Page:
WNCT breaks down winners and losers of 2018 health insurance

GREENVILLE, N.C. (WNCT) – Open enrollment for health insurance in 2018 officially begins November 1st, 2017 and wraps up on December 15th.

Many people who purchased private insurance in 2017 have already received letters about what they can expect out of their plan for the new year. Many, like Washington resident Beth Byrd, noticed her rates increased a lot.

“We don’t know where we’re going to go now, and it’s been keeping me up at night,” Byrd said. “We could lose everything we’ve worked so hard for.”

In the past, Byrd has had a grandfather plan through BlueCross BlueShield, helping her keep her costs down. But that plan was terminated for all customers by the company effective January 1, 2018.

“To continue to provide healthcare to everyone in North Carolina, they need to kick us off this policy,” Byrd said.

That means much higher rates for Byrd and her husband. Her monthly insurance rates increased more than $1,012, going from $913.99 to $1,926.14 each month.

In a statement, Blue Cross Blue Shield NC said:

“We understand people are frustrated that their grandfathered plan is discontinued, and we regret that we are at a point where we can no longer offer these plans to our loyal customers. It is important for those with grandfathered plans to know, that the plan described in their notification letter is not the plan they have to choose. Nor, with premium assistance available for qualifying customers, is the price in their letter necessarily the price they will have to pay.”

Cheryl Hallock, an ACA navigator with Access East, said only about 7 percent of the population has private insurance. Even fewer people have grandfather plans.

“That group over time had come down to 30,000 people and it’s not a large enough risk pool to make the insurance work,” she said.

Hallock said those who will see minimal increases, if any at all, in 2018 include the following:

  1. Those with insurance provided through an employer (less than 5% increase on average)
  2. Individuals making between $12,060 – $30,150
  3. Families of 2 making between $16,240 – $40,600
  4. Families of 3 making between $20,420 – $51,050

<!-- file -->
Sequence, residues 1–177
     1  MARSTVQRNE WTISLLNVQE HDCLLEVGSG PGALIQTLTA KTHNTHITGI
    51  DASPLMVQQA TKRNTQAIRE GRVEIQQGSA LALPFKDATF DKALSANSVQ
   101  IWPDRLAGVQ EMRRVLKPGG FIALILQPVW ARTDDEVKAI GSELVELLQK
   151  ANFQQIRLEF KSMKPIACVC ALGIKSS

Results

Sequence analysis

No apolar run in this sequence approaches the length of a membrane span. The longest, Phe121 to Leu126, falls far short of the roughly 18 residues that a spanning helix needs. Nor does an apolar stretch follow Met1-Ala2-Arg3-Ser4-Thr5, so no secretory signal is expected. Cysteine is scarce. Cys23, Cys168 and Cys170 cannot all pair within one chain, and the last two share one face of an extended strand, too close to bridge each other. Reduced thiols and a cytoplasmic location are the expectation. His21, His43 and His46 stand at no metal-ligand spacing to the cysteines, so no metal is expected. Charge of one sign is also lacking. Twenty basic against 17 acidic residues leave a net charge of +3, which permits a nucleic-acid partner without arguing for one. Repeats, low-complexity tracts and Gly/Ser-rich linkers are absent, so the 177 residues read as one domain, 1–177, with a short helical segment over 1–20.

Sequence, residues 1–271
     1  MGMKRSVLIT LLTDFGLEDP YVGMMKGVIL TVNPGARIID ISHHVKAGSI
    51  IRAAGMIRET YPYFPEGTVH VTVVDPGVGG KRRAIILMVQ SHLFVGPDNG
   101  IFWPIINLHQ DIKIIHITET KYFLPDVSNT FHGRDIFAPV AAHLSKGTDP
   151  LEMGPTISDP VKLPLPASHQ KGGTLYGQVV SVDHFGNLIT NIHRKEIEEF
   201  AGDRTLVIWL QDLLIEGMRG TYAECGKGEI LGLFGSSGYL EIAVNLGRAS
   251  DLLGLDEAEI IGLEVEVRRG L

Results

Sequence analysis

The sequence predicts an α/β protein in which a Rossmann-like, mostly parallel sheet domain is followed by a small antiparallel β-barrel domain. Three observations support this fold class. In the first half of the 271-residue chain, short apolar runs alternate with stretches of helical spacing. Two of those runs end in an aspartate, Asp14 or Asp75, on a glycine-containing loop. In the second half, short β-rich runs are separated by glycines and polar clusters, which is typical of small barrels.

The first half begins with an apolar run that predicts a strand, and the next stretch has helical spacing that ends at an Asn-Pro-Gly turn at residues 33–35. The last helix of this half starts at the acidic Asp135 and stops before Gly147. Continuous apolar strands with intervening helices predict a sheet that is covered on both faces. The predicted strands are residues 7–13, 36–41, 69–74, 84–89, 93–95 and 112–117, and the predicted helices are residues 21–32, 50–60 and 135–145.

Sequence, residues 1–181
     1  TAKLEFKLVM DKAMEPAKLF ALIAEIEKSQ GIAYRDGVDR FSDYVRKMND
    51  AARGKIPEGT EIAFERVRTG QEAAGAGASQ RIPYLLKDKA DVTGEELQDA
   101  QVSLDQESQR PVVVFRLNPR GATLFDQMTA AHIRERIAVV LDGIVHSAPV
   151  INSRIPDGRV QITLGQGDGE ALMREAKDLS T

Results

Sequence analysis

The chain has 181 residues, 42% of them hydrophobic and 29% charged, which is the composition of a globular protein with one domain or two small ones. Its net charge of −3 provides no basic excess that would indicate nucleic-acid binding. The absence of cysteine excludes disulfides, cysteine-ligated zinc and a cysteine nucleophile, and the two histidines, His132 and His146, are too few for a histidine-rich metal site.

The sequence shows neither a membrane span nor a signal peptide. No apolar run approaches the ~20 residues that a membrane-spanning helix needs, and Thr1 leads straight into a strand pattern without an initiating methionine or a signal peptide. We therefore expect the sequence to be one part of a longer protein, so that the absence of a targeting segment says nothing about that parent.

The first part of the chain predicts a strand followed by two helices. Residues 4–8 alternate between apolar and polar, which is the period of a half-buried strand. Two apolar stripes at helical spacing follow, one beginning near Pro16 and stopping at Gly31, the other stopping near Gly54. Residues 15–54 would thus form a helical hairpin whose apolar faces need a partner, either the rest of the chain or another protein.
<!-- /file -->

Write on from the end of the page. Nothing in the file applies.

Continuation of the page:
5. Families of 4 making between $24,600 – $61,500

Those individuals and families who fall between those salary spreads may qualify for both lower premiums and lower out-of-pocket-rates.

This table to the left shows who could qualify for what discounts.

Those making high salaries, or those wishing to stick with private insurance, may see some of the highest rate increases for 2018.

The North Carolina Department of Insurance recommended a 14.1% average increase for those people with BlueCross BlueShield, which was then approved by the General Assembly.

“There’s some many factors that go into what’s computed as to what a rate increase would be,” said Rep. Greg Murphy (R- Dist. 9), who is also a doctor.

Rep. Murphy said he understands some people are upset, and hopes Republicans and Democrats can come together to fix the broken healthcare system.

“Is it going to take a calamity to fix it? I sure hope not, but if people don’t step outside of their own little boundaries and look at the entire situation, I think it is what it will come to,” he said.

North Carolina Sen. Richard Burr issued the following statement:

“The recently announced premium increases make it clear, yet again, that Obamacare isn’t working. Our state has seen double digit premium increases each year since the enactment of this law, and I remain committed to providing North Carolinians with solutions designed to decrease premiums and increase plan choices.”

Those seeking help navigating the healthcare marketplace can visit Access East’s website here, or call them at 252-847-3027

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